If a child cannot learn the way I teach, then I must teach the way he learns.
--Anna Gillingham, educator and psychologist

Monday, May 20, 2013

Important Message from Standing Firm

Read up on a recently published Post Gazette article about the important work that our partners at Standing Firm are doing in the Pittsburgh area to address domestic partner violence in the workplace. To find out more information about Standing Firm, its initiatives, or how you can become involved, be sure to visit their website at http://www.standingfirmswpa.org/.  

Co-workers say they see domestic violence in the area
May 14, 2013
By Ann Belser / Pittsburgh Post-Gazette

Not only are a third of Pittsburgh-area workers aware of colleagues who are dealing with domestic violence at home, a lot of them are covering for those colleagues at work. A survey sponsored by Standing Firm, an Oakland-based non-profit that trains companies, managers and employees to recognize the signs of intimate partner violence, found that just over a quarter of respondents knew someone who was being abused at home, and just over 5 percent knew someone who was abusing a domestic partner.

“National surveys show about the same percentage of people report knowing of someone in their workplace who is affected by domestic violence,” said Patricia Cluss, an associate professor of psychiatry at the University of Pittsburgh and director of the program, Standing Firm: The Business Case to End Partner Violence.

Ms. Cluss said the survey was commissioned to assess the local situation regarding domestic violence:

“Although the numbers are startling, we were not surprised by them,” she said. For people who knew or suspected a co-workers was a victim of domestic violence, nearly half felt they should cover for that person at work – and of those people, nearly 60 percent said they had to cover for an abused colleague fairly or somewhat frequently by offering excuses or work performance. Almost the same percentage, 57 percent, covered for a colleague who was an abuser.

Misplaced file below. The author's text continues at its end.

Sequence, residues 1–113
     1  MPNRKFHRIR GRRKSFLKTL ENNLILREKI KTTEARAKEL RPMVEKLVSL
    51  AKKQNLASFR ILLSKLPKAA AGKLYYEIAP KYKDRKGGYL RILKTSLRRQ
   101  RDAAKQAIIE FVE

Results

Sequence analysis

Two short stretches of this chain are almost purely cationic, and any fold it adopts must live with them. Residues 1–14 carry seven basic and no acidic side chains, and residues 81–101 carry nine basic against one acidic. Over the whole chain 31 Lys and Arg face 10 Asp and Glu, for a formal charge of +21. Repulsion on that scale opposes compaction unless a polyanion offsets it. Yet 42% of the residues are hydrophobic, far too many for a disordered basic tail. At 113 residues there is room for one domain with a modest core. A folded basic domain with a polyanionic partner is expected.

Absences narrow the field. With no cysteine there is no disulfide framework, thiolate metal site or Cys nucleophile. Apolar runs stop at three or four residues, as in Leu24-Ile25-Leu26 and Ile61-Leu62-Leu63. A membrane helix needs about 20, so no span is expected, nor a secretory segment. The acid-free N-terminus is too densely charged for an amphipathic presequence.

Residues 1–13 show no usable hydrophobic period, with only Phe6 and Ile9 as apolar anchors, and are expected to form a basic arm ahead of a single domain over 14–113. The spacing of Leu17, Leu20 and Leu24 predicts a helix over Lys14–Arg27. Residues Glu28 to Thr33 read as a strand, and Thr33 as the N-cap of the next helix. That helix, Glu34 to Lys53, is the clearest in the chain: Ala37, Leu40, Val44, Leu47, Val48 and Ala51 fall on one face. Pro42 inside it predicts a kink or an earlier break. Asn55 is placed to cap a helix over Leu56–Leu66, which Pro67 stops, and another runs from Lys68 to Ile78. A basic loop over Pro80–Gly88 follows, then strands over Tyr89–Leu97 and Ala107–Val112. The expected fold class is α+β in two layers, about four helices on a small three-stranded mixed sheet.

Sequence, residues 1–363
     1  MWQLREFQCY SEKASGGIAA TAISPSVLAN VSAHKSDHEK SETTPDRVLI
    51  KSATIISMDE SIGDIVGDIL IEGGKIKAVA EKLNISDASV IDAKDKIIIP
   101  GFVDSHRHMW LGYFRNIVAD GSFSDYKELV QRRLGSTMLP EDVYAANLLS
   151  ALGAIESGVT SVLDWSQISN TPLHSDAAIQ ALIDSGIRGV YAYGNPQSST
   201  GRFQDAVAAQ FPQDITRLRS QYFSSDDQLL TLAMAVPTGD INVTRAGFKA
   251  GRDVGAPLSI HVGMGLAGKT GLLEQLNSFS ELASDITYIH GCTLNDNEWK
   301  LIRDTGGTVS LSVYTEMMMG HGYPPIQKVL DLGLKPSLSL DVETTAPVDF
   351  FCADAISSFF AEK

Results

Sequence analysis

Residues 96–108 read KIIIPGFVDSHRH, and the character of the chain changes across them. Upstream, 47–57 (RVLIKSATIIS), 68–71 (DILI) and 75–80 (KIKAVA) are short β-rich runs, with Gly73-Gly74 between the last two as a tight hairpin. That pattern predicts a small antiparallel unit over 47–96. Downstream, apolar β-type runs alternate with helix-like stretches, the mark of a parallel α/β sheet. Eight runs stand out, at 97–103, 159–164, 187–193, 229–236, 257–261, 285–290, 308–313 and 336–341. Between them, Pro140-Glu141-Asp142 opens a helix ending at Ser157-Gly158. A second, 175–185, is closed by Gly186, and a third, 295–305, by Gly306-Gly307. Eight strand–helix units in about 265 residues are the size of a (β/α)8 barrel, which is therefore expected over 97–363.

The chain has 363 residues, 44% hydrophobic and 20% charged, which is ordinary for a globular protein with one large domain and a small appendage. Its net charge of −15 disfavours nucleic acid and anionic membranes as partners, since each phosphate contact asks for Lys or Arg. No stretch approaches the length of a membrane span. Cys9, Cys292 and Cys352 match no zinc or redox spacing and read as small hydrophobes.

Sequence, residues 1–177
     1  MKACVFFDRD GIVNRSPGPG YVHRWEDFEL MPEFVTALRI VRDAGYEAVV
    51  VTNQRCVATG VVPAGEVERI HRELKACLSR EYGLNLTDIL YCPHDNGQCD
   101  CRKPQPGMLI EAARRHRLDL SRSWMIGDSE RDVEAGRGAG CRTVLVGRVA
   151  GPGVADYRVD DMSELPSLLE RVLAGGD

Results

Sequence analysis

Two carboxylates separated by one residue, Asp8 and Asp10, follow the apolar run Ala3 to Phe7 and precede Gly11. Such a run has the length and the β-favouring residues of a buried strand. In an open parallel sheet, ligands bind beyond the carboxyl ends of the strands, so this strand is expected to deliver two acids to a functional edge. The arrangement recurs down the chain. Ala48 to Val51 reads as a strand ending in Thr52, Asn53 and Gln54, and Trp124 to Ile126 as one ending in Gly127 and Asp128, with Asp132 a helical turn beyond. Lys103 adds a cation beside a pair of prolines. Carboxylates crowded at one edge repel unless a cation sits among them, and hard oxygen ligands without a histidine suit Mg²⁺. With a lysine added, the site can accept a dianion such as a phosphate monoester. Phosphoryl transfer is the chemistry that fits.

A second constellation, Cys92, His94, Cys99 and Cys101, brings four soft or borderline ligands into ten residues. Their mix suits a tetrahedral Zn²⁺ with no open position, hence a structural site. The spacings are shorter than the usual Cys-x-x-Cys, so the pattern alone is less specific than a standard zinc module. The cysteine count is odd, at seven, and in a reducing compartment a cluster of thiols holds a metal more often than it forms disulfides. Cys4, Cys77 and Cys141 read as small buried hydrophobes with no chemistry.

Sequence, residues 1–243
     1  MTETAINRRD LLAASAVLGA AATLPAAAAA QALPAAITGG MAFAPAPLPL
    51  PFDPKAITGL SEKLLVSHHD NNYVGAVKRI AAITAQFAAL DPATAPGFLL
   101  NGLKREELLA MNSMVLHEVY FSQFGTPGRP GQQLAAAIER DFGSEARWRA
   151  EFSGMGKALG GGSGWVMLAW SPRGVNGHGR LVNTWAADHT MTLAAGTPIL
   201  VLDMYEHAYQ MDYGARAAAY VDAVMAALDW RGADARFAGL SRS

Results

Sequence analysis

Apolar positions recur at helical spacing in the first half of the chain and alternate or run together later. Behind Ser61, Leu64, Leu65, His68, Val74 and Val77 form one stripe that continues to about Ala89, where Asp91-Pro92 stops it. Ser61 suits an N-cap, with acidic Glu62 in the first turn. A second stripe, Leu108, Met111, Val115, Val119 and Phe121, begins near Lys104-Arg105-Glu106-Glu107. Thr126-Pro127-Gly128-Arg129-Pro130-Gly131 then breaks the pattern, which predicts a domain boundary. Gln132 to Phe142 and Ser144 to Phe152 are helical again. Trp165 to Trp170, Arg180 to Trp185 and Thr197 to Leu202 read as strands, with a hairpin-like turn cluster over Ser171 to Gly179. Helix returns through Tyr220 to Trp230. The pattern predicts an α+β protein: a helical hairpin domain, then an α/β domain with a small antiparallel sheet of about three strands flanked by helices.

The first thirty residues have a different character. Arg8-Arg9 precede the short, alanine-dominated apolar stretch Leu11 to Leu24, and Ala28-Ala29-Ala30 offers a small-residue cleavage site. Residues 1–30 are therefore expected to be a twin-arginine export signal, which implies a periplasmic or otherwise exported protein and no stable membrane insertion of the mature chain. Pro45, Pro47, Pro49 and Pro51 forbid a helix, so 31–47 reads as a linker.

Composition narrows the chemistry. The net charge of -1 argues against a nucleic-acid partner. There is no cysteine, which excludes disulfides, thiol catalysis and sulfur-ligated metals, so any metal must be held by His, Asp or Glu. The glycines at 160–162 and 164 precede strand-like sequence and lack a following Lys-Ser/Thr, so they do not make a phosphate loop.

Domestic violence affected people’s ability to be on time for work and their ability to complete their work. Respondents who had co-workers who were victims of domestic violence said they notice their co-workers missed days (53.8 percent), came in late, left early or took frequent breaks (47 percent), or did not complete assignments (41 percent). 

Those with co-workers who were abusers saw similar problems, with the abusers missing days (38.9 percent); coming in late, leaving early or taking frequent breaks (55.6 percent); or being unable to complete work (30.6 percent). Those who knew abusers also were concerned for their own safety, with 40 percent saying they were extremely or very concerned and 25.7 percent somewhat concerned. For those who knew victims, 20.5 were extremely or very concerned for their own safety and 23.9 percent were somewhat concerned. 

Those concerns are well placed. Nearly one in five workplace fatalities are homicides and of those, 39 percent are committed by a relative or domestic partner.

Daniel Adley, CEO of KTA-Tator Inc. in Findlay, said he was never so naïve as to think that his company would not be affected by domestic violence, so after he heard a presentation by Ms. Cluss, he asked Standing Firm to work with his engineering company.
First, KTA-Tator changed its policies so that people who were victims of domestic violence would know they were supported and so that abusers would be put on notice the company would not tolerate the use of its equipment, such as telephones or computers, to harass victims.

Standing Firm first did a training session for supervisors, then a presentation for the entire company. After the program, two employees approached supervisors and were directed to outside help. “I would encourage every company to do this. The investment we put out for the return is no comparison,” Mr. Adley said.

The company even received an award last week from the Women’s Shelter of Greater Pittsburgh for its work to support its workers who are victims of domestic violence, but Mr. Adley said he was embarrassed to accept it, since it seemed like it was what every company should do for its workers.  

To view the original article, click here.  

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